Saying goodbye to our friends, Jim and Alina was sad, but we were excited to move on and get to see AJs mom and little brother in Ecuador. From San Gil, we drove through the mountains to get back to the main highway heading south. Colombia is breathtaking. The mountains are smaller than in the rest of South America but they are the start of the Andes and still bigger than anything we have up north. The roads are all in really good shape, better than anywhere we have been so far but also very expensive. In total, I believe we spent US $90 on tolls.


However, tolls might have been the most expensive part of driving. Gas was comparable to the US and services (oil, etc) where cheap. We ended up parking and staying in places for free all over Colombia, whether it was on a beach somewhere, on a street, or in a parking lot. We never felt threatened or in danger, although we traveled up to this point with our friends which adds extra security. Our interactions with police where always very polite and they only were concerned with our comfort and safety. The Colombian people are very welcoming and love to have tourists to show off their country. The only time the locals tried to take advantage was on the back or dirt roads when the parents would send their children out to hold ropes up in front of cars and then ask for “tolls”. Especially to our beast, Romona. It would get a bit annying when you could see the line of ropes that you would have to persuade small children to drop, our worst was ten in a row. I have a little polaroid camera that I busted out and started giving them pics of themselves that helped to get the rope down without any money exchange.


We had to hurry towards the boarder of Ecuador and skip Cali and Medellin which was a bit heartbreaking because they are supposed to be some of the most beautiful spots in Colombia. That just leaves us with a reason to go back to Colombia on a future trip, I think I would also like to try and fit in the lost city hike. We were both excited that our route took us to the Salt Mine Cathedral on our way south. Its a crazy functioning salt mine that has the stations of the cross and a church that is as large (or larger) than most cathedrals. And it was built by the salt miners who work there; twice, because the first one collapsed!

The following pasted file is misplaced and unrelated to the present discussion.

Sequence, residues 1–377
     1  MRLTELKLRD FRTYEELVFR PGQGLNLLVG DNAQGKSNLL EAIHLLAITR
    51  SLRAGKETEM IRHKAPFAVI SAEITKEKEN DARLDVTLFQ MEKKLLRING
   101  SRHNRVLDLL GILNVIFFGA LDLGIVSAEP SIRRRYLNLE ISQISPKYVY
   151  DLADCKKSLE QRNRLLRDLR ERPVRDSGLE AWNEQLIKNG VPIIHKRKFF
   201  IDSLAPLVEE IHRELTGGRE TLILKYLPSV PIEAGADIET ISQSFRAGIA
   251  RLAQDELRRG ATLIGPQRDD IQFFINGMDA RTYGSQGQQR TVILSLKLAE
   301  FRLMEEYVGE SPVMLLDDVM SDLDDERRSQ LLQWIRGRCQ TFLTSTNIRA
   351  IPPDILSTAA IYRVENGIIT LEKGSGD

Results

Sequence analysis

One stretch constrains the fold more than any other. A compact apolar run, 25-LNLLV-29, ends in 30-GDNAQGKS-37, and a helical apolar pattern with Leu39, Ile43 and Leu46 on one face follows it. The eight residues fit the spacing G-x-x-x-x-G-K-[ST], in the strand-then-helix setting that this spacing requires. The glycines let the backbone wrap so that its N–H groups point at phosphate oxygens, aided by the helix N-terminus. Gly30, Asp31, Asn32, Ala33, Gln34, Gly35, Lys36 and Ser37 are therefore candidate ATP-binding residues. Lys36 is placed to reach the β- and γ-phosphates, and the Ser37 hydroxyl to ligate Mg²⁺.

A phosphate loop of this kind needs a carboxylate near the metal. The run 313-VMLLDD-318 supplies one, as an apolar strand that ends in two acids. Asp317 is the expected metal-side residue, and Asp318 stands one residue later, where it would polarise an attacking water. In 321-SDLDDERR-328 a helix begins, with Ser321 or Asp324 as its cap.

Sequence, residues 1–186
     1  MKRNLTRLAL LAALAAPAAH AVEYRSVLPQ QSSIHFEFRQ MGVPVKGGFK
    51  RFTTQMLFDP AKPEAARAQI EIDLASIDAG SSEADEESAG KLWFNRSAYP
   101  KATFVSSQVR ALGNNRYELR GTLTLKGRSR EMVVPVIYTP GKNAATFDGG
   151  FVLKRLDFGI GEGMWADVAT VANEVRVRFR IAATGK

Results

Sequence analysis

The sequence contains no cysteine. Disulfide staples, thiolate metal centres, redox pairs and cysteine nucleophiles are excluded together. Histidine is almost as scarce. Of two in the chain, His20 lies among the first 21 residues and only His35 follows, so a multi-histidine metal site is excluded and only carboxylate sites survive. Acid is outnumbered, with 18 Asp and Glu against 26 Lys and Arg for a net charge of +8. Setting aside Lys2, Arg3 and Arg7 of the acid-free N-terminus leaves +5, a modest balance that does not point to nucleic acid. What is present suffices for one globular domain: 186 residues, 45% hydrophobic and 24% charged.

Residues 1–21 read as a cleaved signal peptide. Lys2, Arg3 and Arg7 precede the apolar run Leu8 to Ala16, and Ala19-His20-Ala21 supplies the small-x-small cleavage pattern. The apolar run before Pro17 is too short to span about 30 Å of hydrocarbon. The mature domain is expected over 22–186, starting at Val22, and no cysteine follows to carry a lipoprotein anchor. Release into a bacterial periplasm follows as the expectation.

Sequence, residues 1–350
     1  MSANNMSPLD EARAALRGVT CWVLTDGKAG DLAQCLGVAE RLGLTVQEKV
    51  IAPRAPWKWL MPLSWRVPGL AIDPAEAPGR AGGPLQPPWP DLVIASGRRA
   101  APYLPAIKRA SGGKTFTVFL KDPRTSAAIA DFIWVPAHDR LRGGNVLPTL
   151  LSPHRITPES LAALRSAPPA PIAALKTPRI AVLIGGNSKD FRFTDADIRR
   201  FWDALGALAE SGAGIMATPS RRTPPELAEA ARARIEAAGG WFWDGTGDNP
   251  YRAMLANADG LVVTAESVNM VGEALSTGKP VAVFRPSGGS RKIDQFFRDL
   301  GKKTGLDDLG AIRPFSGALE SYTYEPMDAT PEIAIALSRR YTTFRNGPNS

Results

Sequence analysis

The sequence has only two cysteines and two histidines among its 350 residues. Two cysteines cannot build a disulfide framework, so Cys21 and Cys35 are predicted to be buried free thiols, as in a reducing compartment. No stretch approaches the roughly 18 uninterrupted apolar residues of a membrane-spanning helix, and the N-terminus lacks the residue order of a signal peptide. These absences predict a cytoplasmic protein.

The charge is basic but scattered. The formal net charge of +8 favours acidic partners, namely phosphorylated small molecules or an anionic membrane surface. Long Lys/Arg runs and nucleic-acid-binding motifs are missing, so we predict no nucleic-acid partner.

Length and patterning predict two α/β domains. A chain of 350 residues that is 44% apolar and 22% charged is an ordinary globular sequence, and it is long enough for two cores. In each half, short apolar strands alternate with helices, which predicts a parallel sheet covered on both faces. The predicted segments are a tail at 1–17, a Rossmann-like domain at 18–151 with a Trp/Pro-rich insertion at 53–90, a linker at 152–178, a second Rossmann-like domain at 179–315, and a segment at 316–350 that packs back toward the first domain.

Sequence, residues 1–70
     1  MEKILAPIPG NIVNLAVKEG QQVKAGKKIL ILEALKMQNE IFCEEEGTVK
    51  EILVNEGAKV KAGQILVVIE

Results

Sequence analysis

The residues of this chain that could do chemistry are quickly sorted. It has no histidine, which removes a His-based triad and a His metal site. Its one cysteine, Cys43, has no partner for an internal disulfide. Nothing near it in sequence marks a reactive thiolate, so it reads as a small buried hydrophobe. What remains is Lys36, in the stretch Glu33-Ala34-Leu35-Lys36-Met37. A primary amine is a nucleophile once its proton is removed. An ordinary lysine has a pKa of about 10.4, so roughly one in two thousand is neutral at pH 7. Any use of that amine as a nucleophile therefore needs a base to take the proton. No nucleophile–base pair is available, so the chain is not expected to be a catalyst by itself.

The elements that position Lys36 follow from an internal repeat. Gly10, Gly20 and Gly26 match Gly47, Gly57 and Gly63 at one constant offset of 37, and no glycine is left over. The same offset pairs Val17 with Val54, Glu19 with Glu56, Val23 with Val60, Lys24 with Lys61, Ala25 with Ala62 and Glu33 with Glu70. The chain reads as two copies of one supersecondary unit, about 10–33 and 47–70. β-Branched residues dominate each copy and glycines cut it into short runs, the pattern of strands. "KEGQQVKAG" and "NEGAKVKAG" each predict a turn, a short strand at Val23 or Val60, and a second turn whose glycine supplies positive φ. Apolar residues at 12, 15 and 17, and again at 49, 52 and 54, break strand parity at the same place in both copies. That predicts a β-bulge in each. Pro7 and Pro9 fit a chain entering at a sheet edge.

Next, we stopped by San Augustine. A beautiful town nestled in the mountains. They have a very impressive village of ruins that you can spend the day hiking around in. Then if you want to drive, or horseback ride you can visit the other set of ruins an hour away. It was such a pretty little town to stop in. We parked at a hacienda that allowed us to park on the grounds in between the little villas and hammocks. We really liked this little town, but keeping with our schedule we pushed on. We had to cross over the mountain range west towards the pacific to be able to head south.


Unfortunately, on this particular drive AJ began to notice a problem with accelerating going uphill. And soon after Ramona started making strange protesting noises and registered several warning codes telling us we were cruising on three of our six injectors. We limped our way into Popayan and found a really nice mechanic who dropped everything he was doing and started working on our car. Turns out we had an air leak in the fuel line and it was a really easy fix.







For the night though, we headed up the mountains into Purace National Park. It’s the biggest National Park in Colombia and has the widest variety of wildlife in the country. We had heard about these crazy natural hot springs that you can’t swim to preserve the ecosystem but also because some of the springs get up to 1300 degrees F! We found the ranger station and he ended up being the coolest guy! He walked us up the springs, which was about one kilometer, and let us wander around. It was fantastic! Maybe a five kilometer loop around some of the craziest natural water formations that we have ever seen! Then to top it off, our new ranger friend Omar, let us park next to his ranger station and spend the night there. He also invited us to have hot showers in his place! So we cooked him dinner and had a really good conversation, even though we are barely conversational. Omar did know some English though. He schooled us on all of the American presidents (in order) and states and their capitals. We said bye to Omar just as a huge bus of tourists were heading in to the park.


Our final camp spot in Colombia was right on the boarder on a mountain overlooking a canyon that just happened to have a fairytale like church built on a bridge covering the canyon. We actually rolled up in the dark and had no idea what we were about to wake up to. It was a really great way to end a really great country. We will definitely be back!